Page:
Ed's 'StreetRunner' Quad Build

Sep 12, 2012
Apple Valley, California, USA
Perfect solution, only requiring a small alteration!

I often wondered if a tapered bearing would be better suited seeing how the wheel is supported ONLY on one side.
Small tapered bearings are available.
A ball bearing is designed for rotational loads, not sideways.
It's not too late to change things. But it would have been nice if these valid points would have come up earlier.

Be that as it may, I can redo the whole spindle set up (at a later time).
The reason I went with using a head tube, ( I repeat myself here) is that this project started out to be a tandem bicycle build.
Thus not requiring the same load concerns as the present configuration.

I also thought that using bearings vs. no bearings would make steering easier.
If they really aren't that necessary then maybe something along the lines of the example below could be fabricated.

I could remove the bearing races, weld a top and bottom onto the headtube (with predrilled king pin holes).
I can make it adjustable for camber while I'm at it.
Make the 'U' bracket that would attach to the axle, and have a disc brake mount as well.
I think I could use my existing tie rod arms as well.
Like my drawing above. #698
Sep 12, 2012
Apple Valley, California, USA
Ponder more - Work less

I had to take a break from this, while I pondered what if anything I should do about the front spindle situation.
I did look at it with serious intentions of reworking the whole set up.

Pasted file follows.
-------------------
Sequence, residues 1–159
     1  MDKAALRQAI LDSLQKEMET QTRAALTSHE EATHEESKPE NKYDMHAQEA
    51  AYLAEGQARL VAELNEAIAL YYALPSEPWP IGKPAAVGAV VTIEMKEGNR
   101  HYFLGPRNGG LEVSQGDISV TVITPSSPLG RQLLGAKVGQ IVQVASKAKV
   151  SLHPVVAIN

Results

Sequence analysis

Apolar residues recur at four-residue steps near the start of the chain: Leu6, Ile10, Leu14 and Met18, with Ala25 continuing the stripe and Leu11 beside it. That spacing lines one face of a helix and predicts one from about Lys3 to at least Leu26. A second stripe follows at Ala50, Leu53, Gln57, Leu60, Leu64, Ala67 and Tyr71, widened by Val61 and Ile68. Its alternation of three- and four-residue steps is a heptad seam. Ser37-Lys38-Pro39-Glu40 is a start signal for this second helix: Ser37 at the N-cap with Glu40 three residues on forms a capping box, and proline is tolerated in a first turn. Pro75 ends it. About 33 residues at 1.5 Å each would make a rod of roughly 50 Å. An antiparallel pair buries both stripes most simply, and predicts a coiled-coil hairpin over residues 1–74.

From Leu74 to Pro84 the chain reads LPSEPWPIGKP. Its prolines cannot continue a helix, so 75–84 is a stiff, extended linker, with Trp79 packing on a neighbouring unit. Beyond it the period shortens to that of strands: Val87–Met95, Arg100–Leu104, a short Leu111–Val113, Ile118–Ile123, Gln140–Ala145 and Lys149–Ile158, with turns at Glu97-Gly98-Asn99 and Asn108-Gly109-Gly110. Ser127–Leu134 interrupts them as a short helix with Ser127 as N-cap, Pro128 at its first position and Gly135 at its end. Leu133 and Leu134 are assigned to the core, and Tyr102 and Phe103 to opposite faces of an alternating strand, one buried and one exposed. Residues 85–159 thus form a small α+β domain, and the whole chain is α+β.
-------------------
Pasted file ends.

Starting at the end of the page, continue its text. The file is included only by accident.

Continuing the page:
But after much thought about my main goal, I have decided to keep going with my original design. I'm confident that for the intended use, the present design will work. I will at a later time, re-address this issue and a design change.

The heat has kept me out of the shop, recently. It's averaging around 103-107 (F) inside, so I get pretty worn out and need to get in where I can get cooled down and hydrated.

In the last few days, I've been able to make new stronger caliper mounts and a trial fit.

The first mounting position wasn't quite right, so off it came. Also discovered that the disc adapter was not true. So I spent a considerable amount of time, with a 'persuader', gently love tapping it until it behaved and fell in line.

Next, I needed to address yet another out of alignment issue. The 1/2" spacers I made were themselves not very true in length. So I abandoned that method and cut out a woodblock, which I cut in half to form two spacers.
Worked first time out. The disc and the caliper mount are parallel with each other.

There's virtually no out of line movement. But, I haven't finished truing up the wheel, so that may pull something out of alignment.

I would like to replace the wood spacer with an aluminum one.
As pictured the disc brushes against the outer pad ever so slightly. Maybe just enough to help seat itself when the time comes to adjust them. There isn't any discernable, 'gaping' while turning the wheel. But if need be, a shim may be required where it bolts to the mount.

But for now, it's like a tack weld, temporary so the project keeps moving forward.
Hmmmmm...I might tack weld the nuts to the disc adapter.